Cloud computing (“the cloud”) has quickly become one of the leading technology topics in the world, driving most of the new innovative disruptive business ideas over the last few years – Facebook and Uber are just two of the many.
Here is what you need to know about cloud computing to help you make informed decisions about your IT deployment and infrastructure, and keep up with the latest technology trends.
So, what exactly is the cloud?
“Cloud” is a generic term for computing resources that are provided from a remote location. The term covers everything from storing emails or photos on a commercial service, like Google or Snapfish, to remotely hosting and maintaining the entire computing infrastructure of a major international corporation from a remote data centre.
At its most basic, cloud computing is all about renting storage and/or processing resources rather than buying and maintaining them in-house (on-premise).
Business applications that run in the cloud
Major business applications (like ERP and CRM) that run in the cloud are often referred to as “cloud-hosted” or “cloud-based” software. They are usually (but not always) provided to companies using the Software-as-a-Service (SaaS) licensing model.
SaaS licensing is based on a monthly fee, on a pay-for-what-you-use basis, and includes the majority of the IT and software costs. There is no up-front software license fee. There is no server hardware, operating system or software to buy and install on-premise.
The differences between SaaS and on-premise business applications
Cloud/SaaS deployment is very different from traditional on-premise installations from a financial perspective. Traditional software licensing involves an up-front capital cost for the software license and purchase and installation of the hardware, operating system, database, etc. With SaaS, all operating costs are built into the monthly fee.
Some suppliers and advocates claim that implementation is much faster with cloud/SaaS ERP. While there is some savings in not having to install the hardware and software, all remaining implementation tasks apply equally to on-premise and cloud/SaaS implementations.
On-premise implementations also require on-going support and maintenance costs, including: backups, disaster recovery, performance tuning of the servers, load balancing the applications in peak times, and insuring business level security is in place. With the cloud, these support and maintenance costs are typically absorbed into an SaaS monthly fee, usually at a savings.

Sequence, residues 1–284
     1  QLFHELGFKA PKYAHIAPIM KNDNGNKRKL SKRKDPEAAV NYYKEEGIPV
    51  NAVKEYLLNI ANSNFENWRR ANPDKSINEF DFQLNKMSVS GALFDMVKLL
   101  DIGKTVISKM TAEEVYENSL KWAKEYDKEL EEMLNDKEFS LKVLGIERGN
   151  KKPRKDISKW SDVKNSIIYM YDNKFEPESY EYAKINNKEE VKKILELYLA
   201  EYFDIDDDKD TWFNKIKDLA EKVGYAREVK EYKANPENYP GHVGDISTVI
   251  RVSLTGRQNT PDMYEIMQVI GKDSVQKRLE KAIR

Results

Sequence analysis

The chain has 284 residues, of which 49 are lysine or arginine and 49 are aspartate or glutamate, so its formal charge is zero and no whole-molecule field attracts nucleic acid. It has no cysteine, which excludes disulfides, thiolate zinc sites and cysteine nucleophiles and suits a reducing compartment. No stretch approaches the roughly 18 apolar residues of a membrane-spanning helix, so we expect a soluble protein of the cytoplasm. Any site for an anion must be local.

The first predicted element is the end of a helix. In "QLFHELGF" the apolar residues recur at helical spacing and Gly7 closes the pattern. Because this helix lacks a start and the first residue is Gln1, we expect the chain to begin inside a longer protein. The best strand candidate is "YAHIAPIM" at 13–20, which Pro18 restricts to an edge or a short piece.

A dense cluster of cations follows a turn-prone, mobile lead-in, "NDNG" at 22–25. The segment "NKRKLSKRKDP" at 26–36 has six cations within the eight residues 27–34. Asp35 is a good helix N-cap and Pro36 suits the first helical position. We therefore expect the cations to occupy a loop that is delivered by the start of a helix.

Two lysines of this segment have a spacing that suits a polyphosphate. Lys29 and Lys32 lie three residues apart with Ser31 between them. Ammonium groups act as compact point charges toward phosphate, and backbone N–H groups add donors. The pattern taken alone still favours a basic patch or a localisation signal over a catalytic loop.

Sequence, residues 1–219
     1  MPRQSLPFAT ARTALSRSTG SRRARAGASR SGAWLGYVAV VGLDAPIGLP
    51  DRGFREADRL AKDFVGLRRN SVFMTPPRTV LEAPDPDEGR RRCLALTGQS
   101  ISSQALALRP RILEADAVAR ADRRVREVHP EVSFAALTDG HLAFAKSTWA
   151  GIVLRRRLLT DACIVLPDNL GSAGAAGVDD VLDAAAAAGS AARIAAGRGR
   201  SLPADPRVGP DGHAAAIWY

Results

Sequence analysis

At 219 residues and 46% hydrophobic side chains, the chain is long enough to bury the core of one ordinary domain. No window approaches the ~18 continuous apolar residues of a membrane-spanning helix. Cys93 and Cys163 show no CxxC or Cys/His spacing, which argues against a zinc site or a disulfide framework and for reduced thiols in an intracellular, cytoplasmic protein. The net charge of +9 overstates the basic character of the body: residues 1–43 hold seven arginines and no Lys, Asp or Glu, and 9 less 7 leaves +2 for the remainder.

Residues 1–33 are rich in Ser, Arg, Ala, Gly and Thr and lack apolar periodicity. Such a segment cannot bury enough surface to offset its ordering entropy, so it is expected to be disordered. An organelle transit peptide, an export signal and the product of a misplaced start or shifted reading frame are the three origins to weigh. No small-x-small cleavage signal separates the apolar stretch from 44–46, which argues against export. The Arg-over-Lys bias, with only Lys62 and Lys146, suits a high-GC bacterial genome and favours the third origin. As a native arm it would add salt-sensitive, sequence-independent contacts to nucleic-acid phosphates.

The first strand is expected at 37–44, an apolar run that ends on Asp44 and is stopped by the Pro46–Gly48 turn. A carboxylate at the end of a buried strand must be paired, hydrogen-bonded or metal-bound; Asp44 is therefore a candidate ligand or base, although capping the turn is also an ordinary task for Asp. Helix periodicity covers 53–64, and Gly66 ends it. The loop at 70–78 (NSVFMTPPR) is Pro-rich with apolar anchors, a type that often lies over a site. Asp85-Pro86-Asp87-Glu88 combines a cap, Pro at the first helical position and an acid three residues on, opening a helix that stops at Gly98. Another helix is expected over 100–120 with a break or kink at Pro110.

Cloud / SaaS is also extremely scalable. As a company and its computing needs grow and change, you can add or remove users, add hardware, etc. instantly and painlessly with a phone call to your provider who will change the resources and adjust the monthly fee accordingly.
SaaS deployment options: Single-tenant or multi-tenant
There are many variations of cloud-based SaaS applications, but the majority can be classified as either single-tenant or multi-tenant.
Single-tenant SaaS is hosting of the very same kind of applications that you would get in a traditional on-premise purchase. Your applications and data are separately installed and managed in the cloud and accessed through the Internet or leased lines.
In multi-tenant SaaS, there is one instance (one copy) of the software and each user company has its own separate (and secured) database that includes application tailoring for the way they want to use the software. On the plus side, all users are always up-to-date with the latest enhancements and fixes, since they are all operating with the same software. The downside is that user companies have limited control over the software they depend upon and modifications and interfaces to outside systems can sometimes be problematic.
With on-premise ERP software deployment, and slightly less so with single-tenant SaaS, you are in control of the implementation, configuration and support. You can modify and interface as appropriate. You control the upgrade cycle. With multi-tenant, these responsibilities are shared with your provider according to the terms of the specific contract arrangement.
Beware of legacy applications “re-engineered” for the cloud
Beware of “cloud washing” and “faux cloud” adaptations of legacy applications that purport to be re-engineered for cloud deployment. Many such products require client software on your PC or device. Others use a special server between the application and the user to serve up web pages to the client. Neither approach delivers the speed and responsiveness of a true cloud design. True cloud applications have no application code on the client device except a browser. They are designed and built for the web. The screens are responsive (required for a mobile workforce).
Choosing the right deployment option for your company
The cloud/SaaS offers an attractive alternative for many companies but it is not the ideal approach in all situations. Companies should consider all available deployment options, but only after selecting the right software and service provider(s) based on system functionality and fit, supplier reputation and financial strength, the support team, and other “due diligence” investigations to determine that you have chosen the right solution.
Clearing Out The ERP Clouds
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